by MARY JOHNSON
THE morning was gray and I sat by the sea near Palos
in a gray mood. I was Jayme de Marchena, and that
was a good, _old Christian_ name. But my grandmother
was Jewess, and in corners they said that she never
truly recanted, and I had been much with her as a child.
She was dead, but still they talked of her. Jayme de Marchena,
looking back from the hillside of forty-six, saw some
service done for the Queen and the folk. This thing and
that thing. Not demanding trumpets, but serviceable. It
would be neither counted nor weighed beside and against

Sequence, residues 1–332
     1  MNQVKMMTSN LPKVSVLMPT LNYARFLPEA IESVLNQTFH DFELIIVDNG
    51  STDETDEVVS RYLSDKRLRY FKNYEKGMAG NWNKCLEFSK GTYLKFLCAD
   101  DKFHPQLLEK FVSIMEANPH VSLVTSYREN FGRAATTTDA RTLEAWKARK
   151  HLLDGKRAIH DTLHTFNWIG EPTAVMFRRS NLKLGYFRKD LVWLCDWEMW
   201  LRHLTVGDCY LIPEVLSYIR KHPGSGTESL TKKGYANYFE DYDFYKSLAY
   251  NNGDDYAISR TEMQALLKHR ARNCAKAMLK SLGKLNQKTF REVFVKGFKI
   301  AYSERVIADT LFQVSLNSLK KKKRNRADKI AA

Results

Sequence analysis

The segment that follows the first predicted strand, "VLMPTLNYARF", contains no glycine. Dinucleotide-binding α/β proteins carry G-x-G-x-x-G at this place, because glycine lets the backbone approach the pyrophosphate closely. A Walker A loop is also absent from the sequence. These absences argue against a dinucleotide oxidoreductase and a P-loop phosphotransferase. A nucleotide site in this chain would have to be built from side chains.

that which Don Pedro and the Dominican found to say.
What they found to say they made, not found. They took
clay of misrepresentation, and in the field of falsehood sat
them down, and consulting the parchment of malice, proceeded
to create. But false as was all they set up, the time
would cry it true.
It was reasonable that I should find the day gray.